So what book am I giving away? 

I am giving away TWO copies of I Will follow Jesus Bible Storybook by Judah and Chelsea Smith.

And why am I giving away this book?

Three reasons!

  1. This is the new Bible that Caden and I will be journeying through this school year! I think it will be a GREAT devotional for him.
  2. I love the illustrations–ESPECIALLY love that the illustrations include people of ALL color!
  3. I love that all of the stories focus on the importance of FOLLOWING Jesus–not just believing in Jesus, but FOLLOWING Him! Loving Him, trusting Him, and following Him!

So what are a few of my favorite line(s) from this book? 

I haven’t read a single line of the book–only glanced through the pages and read over the chapter titles, so I can’t even answer my own question!

But here’s what I do love:

I love that there are 60 different Bible Truth-stories. I love that the stories walk through the OT and NT. And I love that the stories are short and to the point–catching the heart and packing a powerful soul-punch with great application questions and thought-provoking challenges.


So how can you win a copy of this book? 

In the comment section below, share your favorite 2017 summer memory and on Sunday at 9PM (EST), I will select TWO winners!


Roots, Fence Posts, and a Random Rock

I’m not even gonna lie. Love hurts.

In fact, I’ve had moments in the past few days where I’ve lamented through hot, messy tears that love “isn’t fair,” and it feels like a “gamble,” and like “a pile of no guarantees,” and like “a pit in the stomach and a punch in the gut.” And I’m sure I’ve uttered a few other overwhelmed, Eeyore kind of sentiments, but I can’t remember them all and probably shouldn’t.

To be perfectly honest, that drive from the agency to the metro park was a blur–a blur of tears and a blur of emotions.

I can’t share all of the details, and I have no desire to…but suffice to say: Yesterday morning, we were reminded again that we may not get to forever love the little soul we now hold in our arms.

I’m pretty sure the words sounded jumbled as they tumbled from our case worker’s mouth. It sounded like slow-mo, if you ask me.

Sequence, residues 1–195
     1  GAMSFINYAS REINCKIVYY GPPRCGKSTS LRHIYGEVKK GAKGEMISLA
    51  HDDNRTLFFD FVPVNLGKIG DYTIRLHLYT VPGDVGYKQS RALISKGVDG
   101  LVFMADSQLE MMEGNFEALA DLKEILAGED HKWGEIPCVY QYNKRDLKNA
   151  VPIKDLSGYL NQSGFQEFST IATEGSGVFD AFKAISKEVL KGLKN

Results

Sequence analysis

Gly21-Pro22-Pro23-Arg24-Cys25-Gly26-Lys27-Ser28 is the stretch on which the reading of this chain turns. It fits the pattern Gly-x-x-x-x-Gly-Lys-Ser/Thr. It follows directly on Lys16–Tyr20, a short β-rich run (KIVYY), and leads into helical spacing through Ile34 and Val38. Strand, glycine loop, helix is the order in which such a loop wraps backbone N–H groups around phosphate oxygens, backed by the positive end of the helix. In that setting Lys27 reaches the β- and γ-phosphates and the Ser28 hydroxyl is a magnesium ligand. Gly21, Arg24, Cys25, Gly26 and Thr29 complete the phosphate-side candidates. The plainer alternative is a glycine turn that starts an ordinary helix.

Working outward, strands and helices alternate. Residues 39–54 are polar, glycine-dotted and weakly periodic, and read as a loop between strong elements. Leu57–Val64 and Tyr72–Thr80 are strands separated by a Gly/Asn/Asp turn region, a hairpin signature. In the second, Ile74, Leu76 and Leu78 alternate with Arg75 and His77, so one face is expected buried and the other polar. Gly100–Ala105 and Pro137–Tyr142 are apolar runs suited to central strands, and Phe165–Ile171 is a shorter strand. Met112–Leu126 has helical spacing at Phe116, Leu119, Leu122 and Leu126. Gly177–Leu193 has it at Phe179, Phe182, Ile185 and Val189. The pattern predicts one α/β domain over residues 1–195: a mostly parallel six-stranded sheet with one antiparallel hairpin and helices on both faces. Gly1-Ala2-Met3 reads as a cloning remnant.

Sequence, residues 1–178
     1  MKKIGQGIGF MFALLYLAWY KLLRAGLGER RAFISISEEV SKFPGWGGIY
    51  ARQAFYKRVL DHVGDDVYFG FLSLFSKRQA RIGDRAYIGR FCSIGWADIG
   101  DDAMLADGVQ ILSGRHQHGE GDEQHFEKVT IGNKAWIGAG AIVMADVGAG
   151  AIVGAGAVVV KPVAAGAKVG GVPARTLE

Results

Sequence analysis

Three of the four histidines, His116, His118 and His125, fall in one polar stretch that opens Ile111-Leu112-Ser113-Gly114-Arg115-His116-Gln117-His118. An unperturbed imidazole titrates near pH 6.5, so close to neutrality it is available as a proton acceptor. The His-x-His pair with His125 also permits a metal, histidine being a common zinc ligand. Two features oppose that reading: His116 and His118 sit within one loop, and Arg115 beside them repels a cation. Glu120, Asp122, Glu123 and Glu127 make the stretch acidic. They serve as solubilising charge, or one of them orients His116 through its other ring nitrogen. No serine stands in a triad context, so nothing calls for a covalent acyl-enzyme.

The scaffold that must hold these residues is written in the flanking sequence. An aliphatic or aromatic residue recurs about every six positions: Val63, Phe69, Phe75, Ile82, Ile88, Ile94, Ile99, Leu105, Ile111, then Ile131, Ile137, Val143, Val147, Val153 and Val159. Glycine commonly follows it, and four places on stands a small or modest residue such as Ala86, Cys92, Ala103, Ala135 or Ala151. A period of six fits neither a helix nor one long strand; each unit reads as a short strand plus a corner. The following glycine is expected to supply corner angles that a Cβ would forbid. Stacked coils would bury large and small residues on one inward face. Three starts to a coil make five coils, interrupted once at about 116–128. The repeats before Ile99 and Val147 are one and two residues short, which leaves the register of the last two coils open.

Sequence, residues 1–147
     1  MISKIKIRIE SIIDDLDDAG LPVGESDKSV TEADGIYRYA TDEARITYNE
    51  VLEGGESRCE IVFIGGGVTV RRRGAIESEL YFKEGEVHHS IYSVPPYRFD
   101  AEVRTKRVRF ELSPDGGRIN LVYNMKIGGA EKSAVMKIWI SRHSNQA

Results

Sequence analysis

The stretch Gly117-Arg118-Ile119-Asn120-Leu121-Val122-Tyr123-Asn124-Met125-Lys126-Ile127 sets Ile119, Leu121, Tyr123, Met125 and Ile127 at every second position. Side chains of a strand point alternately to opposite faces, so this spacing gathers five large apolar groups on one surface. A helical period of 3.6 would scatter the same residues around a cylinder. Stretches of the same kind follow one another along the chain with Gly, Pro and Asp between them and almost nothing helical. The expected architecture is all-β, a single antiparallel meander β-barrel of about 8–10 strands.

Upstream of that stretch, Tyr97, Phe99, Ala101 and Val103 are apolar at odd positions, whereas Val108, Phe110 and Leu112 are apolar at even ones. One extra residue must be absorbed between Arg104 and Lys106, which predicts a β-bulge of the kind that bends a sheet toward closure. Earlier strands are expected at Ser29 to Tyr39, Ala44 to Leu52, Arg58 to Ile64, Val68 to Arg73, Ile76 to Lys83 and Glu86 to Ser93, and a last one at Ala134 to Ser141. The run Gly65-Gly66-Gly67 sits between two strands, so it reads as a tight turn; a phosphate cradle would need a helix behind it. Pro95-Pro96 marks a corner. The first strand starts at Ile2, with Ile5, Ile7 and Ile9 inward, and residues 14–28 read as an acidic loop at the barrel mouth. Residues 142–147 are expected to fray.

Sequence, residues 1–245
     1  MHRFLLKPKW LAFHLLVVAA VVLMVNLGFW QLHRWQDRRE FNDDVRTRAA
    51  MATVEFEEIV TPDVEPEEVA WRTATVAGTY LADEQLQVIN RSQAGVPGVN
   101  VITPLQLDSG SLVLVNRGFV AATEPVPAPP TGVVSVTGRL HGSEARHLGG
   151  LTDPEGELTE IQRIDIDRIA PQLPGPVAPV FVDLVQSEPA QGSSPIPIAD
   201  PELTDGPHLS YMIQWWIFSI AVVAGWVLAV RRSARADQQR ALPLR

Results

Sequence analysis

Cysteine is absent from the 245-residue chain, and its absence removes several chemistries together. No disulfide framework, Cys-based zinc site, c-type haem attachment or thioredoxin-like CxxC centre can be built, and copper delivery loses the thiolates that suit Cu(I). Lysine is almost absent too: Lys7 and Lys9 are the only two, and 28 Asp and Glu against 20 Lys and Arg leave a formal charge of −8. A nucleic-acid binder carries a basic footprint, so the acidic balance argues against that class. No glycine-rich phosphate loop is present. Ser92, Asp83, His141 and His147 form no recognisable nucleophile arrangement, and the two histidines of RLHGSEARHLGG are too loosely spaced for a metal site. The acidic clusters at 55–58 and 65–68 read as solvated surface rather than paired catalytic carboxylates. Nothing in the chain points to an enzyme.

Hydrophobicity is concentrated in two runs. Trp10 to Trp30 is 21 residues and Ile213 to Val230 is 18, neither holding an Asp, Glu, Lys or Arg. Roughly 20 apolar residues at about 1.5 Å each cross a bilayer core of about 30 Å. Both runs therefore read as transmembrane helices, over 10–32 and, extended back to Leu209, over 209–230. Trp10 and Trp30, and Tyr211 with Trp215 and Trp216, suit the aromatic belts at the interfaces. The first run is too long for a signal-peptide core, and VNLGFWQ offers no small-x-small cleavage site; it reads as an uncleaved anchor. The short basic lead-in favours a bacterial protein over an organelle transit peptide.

“There is a possibility that a next of kin is interested in custody.”

I felt the breath leave me.

Sure, we always knew this was a possibility. And sure, we know we signed up for this. And yet…it still hurts. Why? Because the knowing doesn’t prevent the “ouch.”

We’ve loved this soul for exactly two months, and it’s been a fierce kind of love. The kind of love that leaves a hole when it’s removed; the kind of love that makes your heart ache and your arms heavy. The kind of love that can’t hug enough, hold enough, squeeze enough, or take enough pictures. The kind of love that day dreams and prays real long. It’s been that kind of love.

And yet…we always knew this was a possibility.

So as we meandered our way through bumpkin’ roads that resembled more of my Pennsylvania roots than that of the suburban Ohio roads we frequent, I asked God to meet us in the middle of our hurt. I didn’t utter the words out loud, and I didn’t close my eyes; I just prayed them in my heart.

As we got out of the car to hike a new metro park, two text messages popped up from two different friends on the face of my black screen.

One read: May today be yet another fence post moment of your story and your trust in Him.

Another read: Praying you will continue to live your lives rooted and built up in Him, strengthened in the faith as you were taught, overflowing with thankfulness. Colossians 2:6 

More tears pooled in my eyes as I thanked the Lord for dear friends who encourage with the Truth.

And then I moved on.

Walking the wooded paths, lined with wild, pink lilies, scared deer, and a babbling stream streaked with morning sun, I found myself calmed. Surrounded by the beauty of God’s creation, I had this recurring thought: If I can trust that He made all of THIS, then I can trust that He knows all of THAT. 

Plodding on, through what felt like a Secret Garden of sorts, we stumbled upon butterflies, moss-covered logs, stone overpasses, and this GIANT tree.


As we drew closer to the tree, I found the following sign:


Growing since the signing of the Declaration of Independence. Over 241 years old. WOW.

I started to think about all the tree had endured in its lifetime.

Obviously, it endured a flood (as noted on the sign post) but what about storms? Lightning strikes? Excavation opportunities? Changes in soil? Bug infestations? Too much sun? Not enough water? Kids obsessed with peeling bark?

As I pondered, I marveled.


What incredible roots this tree must have!

And as I looked to very top, where the sun was shining, I was overcome with the way the Creator had provided for this creation over the course of its many, long years.

And just as quickly as that thought came, the content of one of those texts stumbled into my mind.

Praying you will continue to live your lives rooted and built up in Him, strengthened in the faith as you were taught, overflowing with thankfulness.

Rooted. In what? In Him.

Strengthened. How? Though faith.

Overflowing. With what? With thankfulness.

Because we are rooted in Him, we can be strengthened through these faith-building moments. These moments of unknowns, gambles, and no guarantees–these moments that don’t feel fair and certainly not fun. We can be rooted in His character–steadfast, immovable, and faithful to His promises–because He is a good, good Father who cares for His creation through all weathers and all wearying moments. And when we find ourselves rooted in Him and strengthened through faith, we can be thankful.